I rediscovered the trigger during the sight in. It’s not crisp, yet I know when it’s going to break. It is a trigger I can use.

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Discharge sound

Since the Icon’s discharge disturbed my cat, Dale Evans, I measured it on my sound meter. I was shooting in my living room today instead of in my garage like I did in Part 2, so the some of the sound was absorbed by the carpet and furniture. The discharge registered 95.1 decibels, where in the garage in Part 2 it registered 99.4 decibels. Still, Dale was upset and threw up a hairball at my feet in protest, as she is sometimes wont to do.

Idcon discharge no silencer

First group

The first group was another five Premier Heavys. Once more the magazine failed to advance several times, only now I was watching for it. I believe the magazine is new and stiff and needs to be broken in.

These five shots went into 0.227-inches at 10 meters. They are in a horizontal but still somewhat roundish group that I find reassuring. 

Icon 5 shots
The Icon put five Crosman Premier Heavy pellets into a 0.227-inch group at 10 meters when fired from the rotary magazine.

In case you don’t think this group is good, please remember that I’m shooting with a huge front green fiberoptic dot sight that makes precision aiming difficult. When I scope the Icon I bet you’ll see better. I sure hope so. My plan is to mount the Meopta  MeoSport 3-15X50 scope that I’m testing, so that should take this rifle about as far as it can go.

Ten shots

We are still at 10 meters and using both the rotary magazine and the open sights the rifle comes with. Now we shot 10 of the Premier Heavys. Ten of them went into a group that measures 0.476-inches between centers. Let’s look.

Icon 10 shots
The Icon put ten Premier Heavys into 0.476-inches at 10 meters when fired from the magazine.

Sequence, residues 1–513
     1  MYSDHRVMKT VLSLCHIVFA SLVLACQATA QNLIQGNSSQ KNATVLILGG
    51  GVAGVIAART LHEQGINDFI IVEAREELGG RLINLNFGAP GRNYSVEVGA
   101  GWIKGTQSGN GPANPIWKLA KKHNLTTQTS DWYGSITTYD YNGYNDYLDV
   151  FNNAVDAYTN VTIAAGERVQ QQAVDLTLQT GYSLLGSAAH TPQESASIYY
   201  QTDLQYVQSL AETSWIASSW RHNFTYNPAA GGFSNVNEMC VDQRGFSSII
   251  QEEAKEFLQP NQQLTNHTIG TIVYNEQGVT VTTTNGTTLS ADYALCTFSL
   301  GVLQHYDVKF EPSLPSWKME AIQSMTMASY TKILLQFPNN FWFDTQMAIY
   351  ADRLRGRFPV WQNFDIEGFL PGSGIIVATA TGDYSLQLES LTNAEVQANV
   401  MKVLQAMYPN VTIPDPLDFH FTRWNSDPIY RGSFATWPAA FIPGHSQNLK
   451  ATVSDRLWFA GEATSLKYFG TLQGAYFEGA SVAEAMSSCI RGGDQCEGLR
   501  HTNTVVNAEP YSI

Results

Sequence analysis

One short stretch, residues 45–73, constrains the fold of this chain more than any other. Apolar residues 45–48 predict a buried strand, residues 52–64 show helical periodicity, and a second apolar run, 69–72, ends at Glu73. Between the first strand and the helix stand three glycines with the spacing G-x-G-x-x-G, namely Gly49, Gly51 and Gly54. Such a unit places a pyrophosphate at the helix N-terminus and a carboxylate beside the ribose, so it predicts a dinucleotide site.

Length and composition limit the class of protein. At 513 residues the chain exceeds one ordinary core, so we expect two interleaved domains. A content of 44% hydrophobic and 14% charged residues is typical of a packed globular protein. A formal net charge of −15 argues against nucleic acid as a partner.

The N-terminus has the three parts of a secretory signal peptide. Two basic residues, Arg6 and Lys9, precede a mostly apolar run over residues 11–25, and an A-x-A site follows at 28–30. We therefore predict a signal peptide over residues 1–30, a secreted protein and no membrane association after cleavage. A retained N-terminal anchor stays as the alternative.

The Icon has a threaded barrel, so an airgun silencer can be attached. I threaded on my DonnyFL Ronin silencer and was pleased to note that I could still see the open sights above the 2-inch wide silencer body.

Icon silencer
The Icon wears the DonnyFL Ronin silencer quite well. The open sights can still be used.

Next I wanted to shoot a 10-shot group with the silencer mounted. Should prove interesting!


I shot the silenced Icon and nothing happened. Did it even fire? I wasn’t sure. Because I am using the rubber mulch-filled box as a pellet trap I also didn’t hear anything hit the box. Dale Evans was laying in front of me on the floor and she asked when I was going to start shooting. So I looked at the target through the spotting scope and saw a hole in the new bull. Apparently the Icon did fire and the pellet went where I intended. I had to get a sound meter recording of this.

The sound meter recorded an 82.3 decibel report, which is quieter than a cough. In the garage testing in Part 2 with the silencer the report was 86.6. Yep, it’s quieter in my living room.

Icon silenced report